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society of chimps. Her book "In the Shadow of Man" was widely accalimed. The philosophy of the management of many Zoos, including Taronga, began to change, as the need to provide captive animals with more natural surroundings was realised. Concrete and steel began to give way to grass and trees.

At Taronga, the chimps were moved to a large new grassed enclosure. At one end were wooden cabins where they could retire for privacy. The public viewed the enclosure from the other end. The chimps were only on display when they wanted to be.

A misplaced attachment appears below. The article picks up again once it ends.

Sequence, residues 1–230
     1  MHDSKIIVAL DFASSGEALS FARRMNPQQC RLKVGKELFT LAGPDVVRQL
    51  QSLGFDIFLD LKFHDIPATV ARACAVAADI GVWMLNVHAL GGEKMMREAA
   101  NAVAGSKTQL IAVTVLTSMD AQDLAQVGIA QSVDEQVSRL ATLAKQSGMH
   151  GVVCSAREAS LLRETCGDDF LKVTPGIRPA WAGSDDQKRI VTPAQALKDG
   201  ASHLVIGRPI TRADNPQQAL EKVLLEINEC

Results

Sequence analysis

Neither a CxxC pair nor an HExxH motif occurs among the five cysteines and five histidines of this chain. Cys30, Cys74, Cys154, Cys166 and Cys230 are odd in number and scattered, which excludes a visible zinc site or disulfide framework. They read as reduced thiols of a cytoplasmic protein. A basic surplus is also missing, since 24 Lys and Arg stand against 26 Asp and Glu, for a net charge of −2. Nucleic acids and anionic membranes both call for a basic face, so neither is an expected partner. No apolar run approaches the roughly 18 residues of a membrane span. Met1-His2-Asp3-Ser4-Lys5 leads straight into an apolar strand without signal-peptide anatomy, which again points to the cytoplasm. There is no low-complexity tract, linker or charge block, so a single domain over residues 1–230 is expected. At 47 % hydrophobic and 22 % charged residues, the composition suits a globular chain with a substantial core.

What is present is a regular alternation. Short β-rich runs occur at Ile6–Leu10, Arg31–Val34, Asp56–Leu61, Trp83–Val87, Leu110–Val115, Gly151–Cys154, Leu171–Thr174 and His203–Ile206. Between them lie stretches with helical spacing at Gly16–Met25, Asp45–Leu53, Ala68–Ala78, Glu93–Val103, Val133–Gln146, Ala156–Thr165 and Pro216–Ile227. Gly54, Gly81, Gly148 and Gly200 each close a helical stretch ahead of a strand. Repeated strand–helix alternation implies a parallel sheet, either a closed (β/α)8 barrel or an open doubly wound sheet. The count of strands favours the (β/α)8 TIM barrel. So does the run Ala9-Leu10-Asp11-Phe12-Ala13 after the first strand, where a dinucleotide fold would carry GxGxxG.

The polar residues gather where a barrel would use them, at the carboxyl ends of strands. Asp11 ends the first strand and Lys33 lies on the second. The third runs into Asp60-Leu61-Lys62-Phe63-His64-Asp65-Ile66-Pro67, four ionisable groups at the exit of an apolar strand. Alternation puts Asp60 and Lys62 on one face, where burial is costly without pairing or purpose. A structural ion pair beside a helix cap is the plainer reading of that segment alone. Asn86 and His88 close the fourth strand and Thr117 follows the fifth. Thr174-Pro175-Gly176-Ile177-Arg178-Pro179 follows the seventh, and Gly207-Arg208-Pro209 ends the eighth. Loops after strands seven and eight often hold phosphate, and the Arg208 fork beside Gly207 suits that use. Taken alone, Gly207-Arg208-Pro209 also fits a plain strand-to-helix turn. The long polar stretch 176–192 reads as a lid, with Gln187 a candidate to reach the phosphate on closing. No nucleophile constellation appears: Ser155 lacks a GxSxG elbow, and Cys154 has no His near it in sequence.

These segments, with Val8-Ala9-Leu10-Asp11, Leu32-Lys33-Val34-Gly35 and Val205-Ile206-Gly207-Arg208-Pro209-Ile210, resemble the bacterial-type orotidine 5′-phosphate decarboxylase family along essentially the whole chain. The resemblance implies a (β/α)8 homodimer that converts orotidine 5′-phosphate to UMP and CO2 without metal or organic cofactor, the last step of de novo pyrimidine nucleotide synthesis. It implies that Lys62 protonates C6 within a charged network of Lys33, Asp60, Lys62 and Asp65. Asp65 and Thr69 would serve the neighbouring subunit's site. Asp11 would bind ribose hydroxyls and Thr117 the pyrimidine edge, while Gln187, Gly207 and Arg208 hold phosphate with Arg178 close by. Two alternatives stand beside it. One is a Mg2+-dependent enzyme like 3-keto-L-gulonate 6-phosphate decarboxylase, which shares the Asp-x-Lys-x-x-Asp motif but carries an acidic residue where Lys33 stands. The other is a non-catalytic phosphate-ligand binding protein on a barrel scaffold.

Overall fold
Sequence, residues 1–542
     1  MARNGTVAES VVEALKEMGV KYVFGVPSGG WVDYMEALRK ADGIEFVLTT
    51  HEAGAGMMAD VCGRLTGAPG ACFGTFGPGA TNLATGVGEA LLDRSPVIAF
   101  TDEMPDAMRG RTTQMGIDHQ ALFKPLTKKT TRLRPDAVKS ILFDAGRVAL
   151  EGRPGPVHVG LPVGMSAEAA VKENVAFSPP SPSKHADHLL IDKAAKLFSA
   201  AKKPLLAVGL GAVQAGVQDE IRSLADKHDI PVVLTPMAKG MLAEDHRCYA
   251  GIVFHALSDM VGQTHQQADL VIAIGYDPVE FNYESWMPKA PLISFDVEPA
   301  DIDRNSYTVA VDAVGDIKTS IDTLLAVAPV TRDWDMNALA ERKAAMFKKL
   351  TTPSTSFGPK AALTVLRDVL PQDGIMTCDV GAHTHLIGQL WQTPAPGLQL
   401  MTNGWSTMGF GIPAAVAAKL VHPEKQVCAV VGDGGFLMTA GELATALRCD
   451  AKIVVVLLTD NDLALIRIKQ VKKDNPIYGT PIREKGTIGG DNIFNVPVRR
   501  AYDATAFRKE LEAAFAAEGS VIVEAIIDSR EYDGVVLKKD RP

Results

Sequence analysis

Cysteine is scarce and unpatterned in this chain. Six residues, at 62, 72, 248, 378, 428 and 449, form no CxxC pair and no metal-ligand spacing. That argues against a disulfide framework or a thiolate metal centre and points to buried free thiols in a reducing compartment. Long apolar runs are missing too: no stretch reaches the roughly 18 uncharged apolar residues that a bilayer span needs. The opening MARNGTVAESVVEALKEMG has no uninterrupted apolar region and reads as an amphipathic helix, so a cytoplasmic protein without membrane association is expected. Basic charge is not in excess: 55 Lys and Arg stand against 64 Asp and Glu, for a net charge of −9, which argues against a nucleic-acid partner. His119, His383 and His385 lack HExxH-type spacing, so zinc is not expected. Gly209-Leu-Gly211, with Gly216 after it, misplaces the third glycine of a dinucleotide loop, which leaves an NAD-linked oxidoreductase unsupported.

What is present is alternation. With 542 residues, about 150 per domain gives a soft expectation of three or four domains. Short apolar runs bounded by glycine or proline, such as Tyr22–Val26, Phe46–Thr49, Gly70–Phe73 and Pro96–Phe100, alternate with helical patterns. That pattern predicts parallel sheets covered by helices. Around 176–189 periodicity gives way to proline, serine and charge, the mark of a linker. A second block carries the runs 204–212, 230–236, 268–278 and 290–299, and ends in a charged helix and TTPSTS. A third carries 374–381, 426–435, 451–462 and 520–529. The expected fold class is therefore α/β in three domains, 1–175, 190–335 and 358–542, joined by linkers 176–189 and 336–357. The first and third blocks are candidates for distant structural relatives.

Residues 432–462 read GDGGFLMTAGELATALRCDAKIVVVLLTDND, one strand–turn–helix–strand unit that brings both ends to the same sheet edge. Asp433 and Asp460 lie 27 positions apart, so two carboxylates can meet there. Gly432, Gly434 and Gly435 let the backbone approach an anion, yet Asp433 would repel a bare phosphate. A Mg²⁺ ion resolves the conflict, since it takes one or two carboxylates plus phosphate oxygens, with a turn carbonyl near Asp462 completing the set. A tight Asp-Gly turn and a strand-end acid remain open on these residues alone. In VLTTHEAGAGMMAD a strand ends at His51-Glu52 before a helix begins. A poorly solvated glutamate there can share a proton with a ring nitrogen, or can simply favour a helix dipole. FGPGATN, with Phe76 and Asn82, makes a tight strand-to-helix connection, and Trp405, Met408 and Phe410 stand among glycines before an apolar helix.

That Saturday, I spent a long time watching the chimp lifestyle. They were calmly coping with their social interactions, utilizing their open space, and apparently making no concessions for human observers. They were not in the forests of Africa, from which their ancestors had been transported. They were Australian born and could not go back to a forgotten culture.

Providence had now given them a choice: they could remain inside their private shelter, safe from prying eyes but without a natural habitat; or they could emerge and claim their rightful territory with dignity. Most of the time, they chose the later option.  

I wondered what was the natural habitat of  Homo sapiens  in contemporary Australia. Given a choice, would we enhance our social structure by emerging and using our true territory, or would we remain in our

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